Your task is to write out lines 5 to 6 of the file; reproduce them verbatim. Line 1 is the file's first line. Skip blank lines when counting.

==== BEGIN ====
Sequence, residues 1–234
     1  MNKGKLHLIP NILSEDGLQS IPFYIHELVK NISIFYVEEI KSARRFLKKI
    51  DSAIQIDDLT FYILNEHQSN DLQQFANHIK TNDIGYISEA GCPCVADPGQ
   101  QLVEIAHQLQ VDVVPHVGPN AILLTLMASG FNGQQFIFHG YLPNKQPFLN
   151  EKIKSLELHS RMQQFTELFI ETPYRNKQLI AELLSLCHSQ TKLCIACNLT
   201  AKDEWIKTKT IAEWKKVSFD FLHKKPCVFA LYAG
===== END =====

   151  EKIKSLELHS RMQQFTELFI ETPYRNKQLI AELLSLCHSQ TKLCIACNLT
   201  AKDEWIKTKT IAEWKKVSFD FLHKKPCVFA LYAG